The Transat Jacques Vabre now has only one day left until the start gun is set to fire and the crowds which adorned the docks of the Paul Vatine Basin in Le Havre, snapped up opportunities presented by the pristine Autumn weather to deliver a vibrant adieu to the fleet. The Atlantic looks set to follow tradition and deliver a challenging first week for the 35 duos which are scheduled to take Sunday’s start line for the tenth edition.
The final day on land for the duos, and the tens of thousands of visitors who turned out to see them and their IMOCA Open 60’s, Multi50’s and Class 40 racing machines, was blessed with the kind of benign, gentle weather which so completely belies the widely forecasted pair of low pressure systems which look set to present a particularly tough first week of racing for the Transat Jacques Vabre fleet on course for Puerto Limon, Costa Rica.
In fact it is not dissimilar to the 2009 weather picture, in not only requiring a definitive measure of prudence from the race crews, but for the Multi50s and the white-hot IMOCA Open 60' fleet at least but also necessitating early strategic choices - how to set up for the low pressure systems. When the fleets clear Land’s End do they drop the bow on to a more northerly course for a faster, but more risk laden ride, sailing more miles and try and go over the system? or whether to err on the conservative southerly route, sailing fewer miles but spending more time hard upwind?
Mike Golding, skipper of Gamesa, has seen the Atlantic picture many times before and explains 'From the start it will be light, a close reach becoming on the wind as you go out of the Channel, and steadily increasing. The big tactical decision comes as soon as you can clear Lands End, whether you are sailing on a more N’ly route and drop your bows and sail a more N’ly route towards South Ireland, or whether you take a more S’ly course, on the wind, and then tack across on starboard and head south when you get the opportunity.'
'On the southerly option you are sailing less miles and are staying closest to the shortest route, which is generally a good strategy, but the northerly option you are trying to cross the top of the circulation. That means you will reach up and will reach back down and that will be very fast, potentially avoiding the worst of the winds, but the down side of that the weather systems do tend to move north.'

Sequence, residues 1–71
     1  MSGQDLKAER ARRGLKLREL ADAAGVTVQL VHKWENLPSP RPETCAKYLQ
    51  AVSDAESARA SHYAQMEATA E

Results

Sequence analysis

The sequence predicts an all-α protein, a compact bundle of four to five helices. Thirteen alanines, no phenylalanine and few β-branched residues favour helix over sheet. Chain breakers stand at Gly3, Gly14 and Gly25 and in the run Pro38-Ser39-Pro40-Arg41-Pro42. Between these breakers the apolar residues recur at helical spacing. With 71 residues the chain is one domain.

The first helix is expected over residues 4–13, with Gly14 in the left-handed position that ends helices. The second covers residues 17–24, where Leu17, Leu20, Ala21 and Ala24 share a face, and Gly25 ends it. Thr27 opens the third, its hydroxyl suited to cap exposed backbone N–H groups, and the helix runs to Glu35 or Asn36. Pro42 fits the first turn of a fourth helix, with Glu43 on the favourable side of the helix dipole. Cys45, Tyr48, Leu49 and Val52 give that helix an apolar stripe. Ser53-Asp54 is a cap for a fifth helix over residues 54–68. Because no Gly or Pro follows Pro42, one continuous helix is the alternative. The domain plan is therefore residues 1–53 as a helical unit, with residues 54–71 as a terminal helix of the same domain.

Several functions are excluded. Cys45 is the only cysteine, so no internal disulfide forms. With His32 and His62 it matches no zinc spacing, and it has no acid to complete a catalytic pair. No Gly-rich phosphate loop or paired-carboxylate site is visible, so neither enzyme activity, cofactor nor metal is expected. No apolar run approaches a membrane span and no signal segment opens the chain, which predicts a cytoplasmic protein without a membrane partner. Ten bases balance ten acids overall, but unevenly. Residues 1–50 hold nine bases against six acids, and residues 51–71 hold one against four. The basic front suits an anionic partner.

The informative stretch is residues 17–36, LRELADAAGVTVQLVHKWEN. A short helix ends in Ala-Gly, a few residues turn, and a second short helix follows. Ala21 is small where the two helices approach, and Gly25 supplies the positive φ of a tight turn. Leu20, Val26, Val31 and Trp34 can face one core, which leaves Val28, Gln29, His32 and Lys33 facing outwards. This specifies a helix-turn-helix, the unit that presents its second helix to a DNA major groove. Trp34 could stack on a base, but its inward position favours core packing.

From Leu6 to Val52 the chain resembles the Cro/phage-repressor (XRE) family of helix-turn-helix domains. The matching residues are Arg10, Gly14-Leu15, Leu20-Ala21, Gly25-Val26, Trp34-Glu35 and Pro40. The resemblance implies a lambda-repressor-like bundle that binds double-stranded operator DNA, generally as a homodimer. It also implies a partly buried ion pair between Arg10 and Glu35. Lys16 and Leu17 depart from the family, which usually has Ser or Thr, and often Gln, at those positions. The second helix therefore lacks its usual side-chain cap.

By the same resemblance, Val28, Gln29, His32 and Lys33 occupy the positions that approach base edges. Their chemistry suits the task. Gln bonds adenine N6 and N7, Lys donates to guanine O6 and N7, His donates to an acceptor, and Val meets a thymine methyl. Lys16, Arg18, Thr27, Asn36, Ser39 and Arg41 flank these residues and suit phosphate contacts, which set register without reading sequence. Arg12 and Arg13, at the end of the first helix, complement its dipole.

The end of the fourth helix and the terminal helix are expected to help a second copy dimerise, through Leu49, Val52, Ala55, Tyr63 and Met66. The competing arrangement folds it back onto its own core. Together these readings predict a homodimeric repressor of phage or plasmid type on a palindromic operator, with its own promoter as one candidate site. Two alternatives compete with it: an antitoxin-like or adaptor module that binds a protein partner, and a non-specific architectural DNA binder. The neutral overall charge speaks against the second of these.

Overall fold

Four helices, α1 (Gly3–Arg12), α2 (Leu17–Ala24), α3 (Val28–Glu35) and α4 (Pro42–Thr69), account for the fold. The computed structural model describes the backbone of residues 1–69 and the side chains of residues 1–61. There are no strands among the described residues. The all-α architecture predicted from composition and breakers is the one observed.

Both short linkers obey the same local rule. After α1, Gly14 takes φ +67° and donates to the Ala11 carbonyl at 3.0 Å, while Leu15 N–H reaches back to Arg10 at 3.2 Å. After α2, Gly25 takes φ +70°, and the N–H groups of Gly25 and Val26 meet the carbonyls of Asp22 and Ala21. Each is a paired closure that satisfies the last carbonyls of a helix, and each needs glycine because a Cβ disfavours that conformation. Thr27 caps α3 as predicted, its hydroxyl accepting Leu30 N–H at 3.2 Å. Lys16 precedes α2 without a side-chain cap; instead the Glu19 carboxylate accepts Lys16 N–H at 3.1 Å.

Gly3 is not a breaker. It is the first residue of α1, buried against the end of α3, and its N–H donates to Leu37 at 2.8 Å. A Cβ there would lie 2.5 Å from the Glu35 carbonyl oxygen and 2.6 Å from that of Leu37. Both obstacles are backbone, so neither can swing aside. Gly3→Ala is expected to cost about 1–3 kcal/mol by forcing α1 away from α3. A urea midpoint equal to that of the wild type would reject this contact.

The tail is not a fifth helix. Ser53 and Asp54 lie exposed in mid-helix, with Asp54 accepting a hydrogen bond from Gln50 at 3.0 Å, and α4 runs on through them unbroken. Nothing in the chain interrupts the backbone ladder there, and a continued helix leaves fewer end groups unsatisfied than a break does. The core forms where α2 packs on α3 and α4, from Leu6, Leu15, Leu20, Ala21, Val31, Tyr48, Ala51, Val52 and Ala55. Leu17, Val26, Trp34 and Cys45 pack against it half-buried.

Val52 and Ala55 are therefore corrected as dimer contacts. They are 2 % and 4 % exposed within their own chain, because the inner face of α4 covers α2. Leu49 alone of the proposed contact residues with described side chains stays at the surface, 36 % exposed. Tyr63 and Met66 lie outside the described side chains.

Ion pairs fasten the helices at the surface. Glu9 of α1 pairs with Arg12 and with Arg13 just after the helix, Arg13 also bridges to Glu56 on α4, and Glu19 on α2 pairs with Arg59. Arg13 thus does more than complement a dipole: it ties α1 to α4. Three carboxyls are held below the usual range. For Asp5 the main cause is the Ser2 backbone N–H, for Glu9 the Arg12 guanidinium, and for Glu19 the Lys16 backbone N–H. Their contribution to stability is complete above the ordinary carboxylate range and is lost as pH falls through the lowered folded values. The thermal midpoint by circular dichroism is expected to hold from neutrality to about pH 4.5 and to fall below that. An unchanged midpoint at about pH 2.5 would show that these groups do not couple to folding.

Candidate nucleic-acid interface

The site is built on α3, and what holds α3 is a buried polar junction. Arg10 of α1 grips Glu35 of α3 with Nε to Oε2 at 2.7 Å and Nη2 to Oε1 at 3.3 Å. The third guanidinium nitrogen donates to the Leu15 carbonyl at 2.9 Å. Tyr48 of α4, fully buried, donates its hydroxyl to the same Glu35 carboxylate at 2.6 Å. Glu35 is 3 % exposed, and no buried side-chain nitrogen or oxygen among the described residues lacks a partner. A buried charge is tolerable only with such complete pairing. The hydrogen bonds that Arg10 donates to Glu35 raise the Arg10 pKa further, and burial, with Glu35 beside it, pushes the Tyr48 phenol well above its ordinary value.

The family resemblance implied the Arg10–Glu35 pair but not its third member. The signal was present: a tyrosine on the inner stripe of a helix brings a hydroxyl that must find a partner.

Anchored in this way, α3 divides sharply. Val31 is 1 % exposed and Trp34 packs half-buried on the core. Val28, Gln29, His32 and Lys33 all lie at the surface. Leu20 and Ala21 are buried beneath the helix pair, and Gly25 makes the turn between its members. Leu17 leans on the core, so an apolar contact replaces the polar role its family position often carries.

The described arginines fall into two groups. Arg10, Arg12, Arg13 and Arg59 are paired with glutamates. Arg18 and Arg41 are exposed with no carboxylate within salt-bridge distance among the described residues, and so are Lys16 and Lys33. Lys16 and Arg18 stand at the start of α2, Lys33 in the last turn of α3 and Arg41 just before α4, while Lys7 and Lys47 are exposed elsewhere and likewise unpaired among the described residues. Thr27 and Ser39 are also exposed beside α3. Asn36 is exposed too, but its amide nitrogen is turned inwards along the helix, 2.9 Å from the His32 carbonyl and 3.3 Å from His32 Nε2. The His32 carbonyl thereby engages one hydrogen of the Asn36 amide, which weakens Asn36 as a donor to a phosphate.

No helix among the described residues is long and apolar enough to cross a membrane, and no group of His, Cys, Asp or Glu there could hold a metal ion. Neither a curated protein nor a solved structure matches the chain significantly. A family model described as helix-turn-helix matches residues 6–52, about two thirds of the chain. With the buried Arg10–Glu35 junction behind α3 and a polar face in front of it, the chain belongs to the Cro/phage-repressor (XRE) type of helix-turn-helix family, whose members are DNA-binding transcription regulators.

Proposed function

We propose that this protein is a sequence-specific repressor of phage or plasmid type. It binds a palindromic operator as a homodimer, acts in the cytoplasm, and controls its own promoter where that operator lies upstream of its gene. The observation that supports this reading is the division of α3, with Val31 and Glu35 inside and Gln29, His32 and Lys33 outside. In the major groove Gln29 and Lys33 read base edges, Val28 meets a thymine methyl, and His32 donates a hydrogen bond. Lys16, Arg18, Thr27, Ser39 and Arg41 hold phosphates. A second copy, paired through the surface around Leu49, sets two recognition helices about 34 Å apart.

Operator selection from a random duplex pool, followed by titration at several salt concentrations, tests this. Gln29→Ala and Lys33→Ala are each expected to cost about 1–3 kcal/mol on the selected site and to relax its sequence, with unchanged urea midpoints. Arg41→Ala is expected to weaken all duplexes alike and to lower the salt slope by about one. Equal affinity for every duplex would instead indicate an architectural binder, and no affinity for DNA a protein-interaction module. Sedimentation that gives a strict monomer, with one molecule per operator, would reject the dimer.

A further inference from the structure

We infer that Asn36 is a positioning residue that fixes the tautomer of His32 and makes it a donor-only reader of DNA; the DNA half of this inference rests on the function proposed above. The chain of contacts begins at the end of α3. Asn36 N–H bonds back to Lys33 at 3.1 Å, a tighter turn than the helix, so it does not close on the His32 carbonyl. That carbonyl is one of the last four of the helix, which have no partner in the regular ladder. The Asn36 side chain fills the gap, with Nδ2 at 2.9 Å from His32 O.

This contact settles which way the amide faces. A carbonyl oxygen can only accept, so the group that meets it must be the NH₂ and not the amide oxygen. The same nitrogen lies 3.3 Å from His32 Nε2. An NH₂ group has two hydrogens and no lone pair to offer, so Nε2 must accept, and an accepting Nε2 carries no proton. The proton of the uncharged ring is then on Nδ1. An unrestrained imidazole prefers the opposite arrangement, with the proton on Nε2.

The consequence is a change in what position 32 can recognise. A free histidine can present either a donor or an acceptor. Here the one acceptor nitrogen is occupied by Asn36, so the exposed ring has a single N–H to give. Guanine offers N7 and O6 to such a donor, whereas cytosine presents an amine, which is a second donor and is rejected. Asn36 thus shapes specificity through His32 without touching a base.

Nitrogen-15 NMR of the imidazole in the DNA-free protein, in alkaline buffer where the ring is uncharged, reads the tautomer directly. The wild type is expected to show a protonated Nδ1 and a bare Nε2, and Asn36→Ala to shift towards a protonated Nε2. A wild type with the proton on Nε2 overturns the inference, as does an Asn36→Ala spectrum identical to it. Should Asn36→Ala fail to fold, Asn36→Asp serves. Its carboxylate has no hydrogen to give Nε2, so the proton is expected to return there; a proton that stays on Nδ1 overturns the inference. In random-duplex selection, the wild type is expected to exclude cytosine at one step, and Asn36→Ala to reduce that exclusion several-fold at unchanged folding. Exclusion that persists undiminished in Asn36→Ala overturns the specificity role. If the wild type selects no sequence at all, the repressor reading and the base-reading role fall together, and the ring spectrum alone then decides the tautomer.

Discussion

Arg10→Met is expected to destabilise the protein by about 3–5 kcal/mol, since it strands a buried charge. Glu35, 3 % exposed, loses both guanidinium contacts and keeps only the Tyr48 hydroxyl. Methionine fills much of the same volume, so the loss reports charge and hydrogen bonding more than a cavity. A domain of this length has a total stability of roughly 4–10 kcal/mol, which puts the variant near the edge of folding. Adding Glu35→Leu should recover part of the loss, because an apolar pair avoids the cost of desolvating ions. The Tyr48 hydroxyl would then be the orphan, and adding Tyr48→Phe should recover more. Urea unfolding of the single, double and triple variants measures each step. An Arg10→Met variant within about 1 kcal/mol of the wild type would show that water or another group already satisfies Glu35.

'And if it moves north then you find yourself very near to the centre in the worst possible zone of the storm. As a result you will get hit much worse than you would be. Or you can end up in the centre with very little wind, slopping around with very big seas, which strangely enough is when you start to break things.'
Golding joined compatriot Alex Thomson and emerging Brit Sam Goodchild, who is the youngest sailor in the race at 21, to meet the media this morning to discuss this imminent race and their shared view of the future for British short-handed oceanic sailing looking to the Vendée Globe and beyond. Both senior skippers are hopeful that there will be more than just the two of them, on the start line in Les Sables d’Olonne in one year’s time:
Transat Jacques Vabre 2011 - © Alexis Courcoux
'I am sure that we will see more than just Mike and I there. We are blessed with good sponsorship and it is great to see Mike bringing in a new sponsor with Gamesa and we have been supported now by Hugo Boss for seven years, but the reason why I am so sure that we will see more British entries in the Vendée Globe is that we have the proven talent, I can mention three of them in Dee Caffari, Brian Thompson, and Samantha Davies who are all proven talent, but we have new talent coming through. We all have the capability – no doubt – to do well and to be there' Thomson asserted.
And as for whether either can win this race, or go on to win the solo round the world race, Golding commented:
'Our programme getting ready for this race has been a very busy one with a major refit. We have taken a lot of weight out of the boat, we have changed the rig and made big changes to the coachroof, the cockpit and the result of that is we are arriving here without having done the kind of mileage we would like to have done before the start of the race, so for us this is kind of a validation. But like most of the skippers here I never go into a race without believing I can win it.'
' But I absolutely believe it is possible for a British sailor to win the Vendée Globe. I think we have capability as you can see in the sailors here and elsewhere in the UK we have other great sailors.'